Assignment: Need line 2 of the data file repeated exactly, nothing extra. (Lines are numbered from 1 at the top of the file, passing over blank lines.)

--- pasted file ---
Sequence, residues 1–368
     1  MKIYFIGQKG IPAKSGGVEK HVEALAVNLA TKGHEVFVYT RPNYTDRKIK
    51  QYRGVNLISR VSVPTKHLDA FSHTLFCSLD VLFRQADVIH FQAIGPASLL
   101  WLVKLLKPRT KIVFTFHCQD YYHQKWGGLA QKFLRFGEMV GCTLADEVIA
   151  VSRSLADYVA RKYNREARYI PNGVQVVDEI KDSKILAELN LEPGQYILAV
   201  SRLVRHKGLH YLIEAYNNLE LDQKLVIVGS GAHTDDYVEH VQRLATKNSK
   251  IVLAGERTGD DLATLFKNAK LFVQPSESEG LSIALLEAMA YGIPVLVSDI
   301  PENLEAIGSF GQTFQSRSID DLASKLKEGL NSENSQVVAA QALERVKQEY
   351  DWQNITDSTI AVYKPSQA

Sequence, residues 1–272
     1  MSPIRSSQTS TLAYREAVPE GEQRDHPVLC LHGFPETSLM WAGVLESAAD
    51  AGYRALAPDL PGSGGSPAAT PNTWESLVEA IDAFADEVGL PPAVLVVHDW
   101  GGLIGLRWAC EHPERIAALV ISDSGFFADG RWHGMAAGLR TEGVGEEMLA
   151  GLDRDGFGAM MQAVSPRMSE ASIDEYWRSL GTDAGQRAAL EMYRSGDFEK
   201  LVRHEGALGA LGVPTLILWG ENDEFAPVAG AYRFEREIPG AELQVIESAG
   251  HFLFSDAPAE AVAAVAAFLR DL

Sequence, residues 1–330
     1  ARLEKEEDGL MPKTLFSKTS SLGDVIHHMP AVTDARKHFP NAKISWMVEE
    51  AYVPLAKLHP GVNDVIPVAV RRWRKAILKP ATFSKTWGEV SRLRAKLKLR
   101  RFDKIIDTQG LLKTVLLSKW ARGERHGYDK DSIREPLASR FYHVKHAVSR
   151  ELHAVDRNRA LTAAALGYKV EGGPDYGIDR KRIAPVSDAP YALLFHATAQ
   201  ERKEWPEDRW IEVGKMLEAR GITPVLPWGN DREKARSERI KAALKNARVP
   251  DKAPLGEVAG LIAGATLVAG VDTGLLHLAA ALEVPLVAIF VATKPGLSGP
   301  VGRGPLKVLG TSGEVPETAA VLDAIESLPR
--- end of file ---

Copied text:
     1  MKIYFIGQKG IPAKSGGVEK HVEALAVNLA TKGHEVFVYT RPNYTDRKIK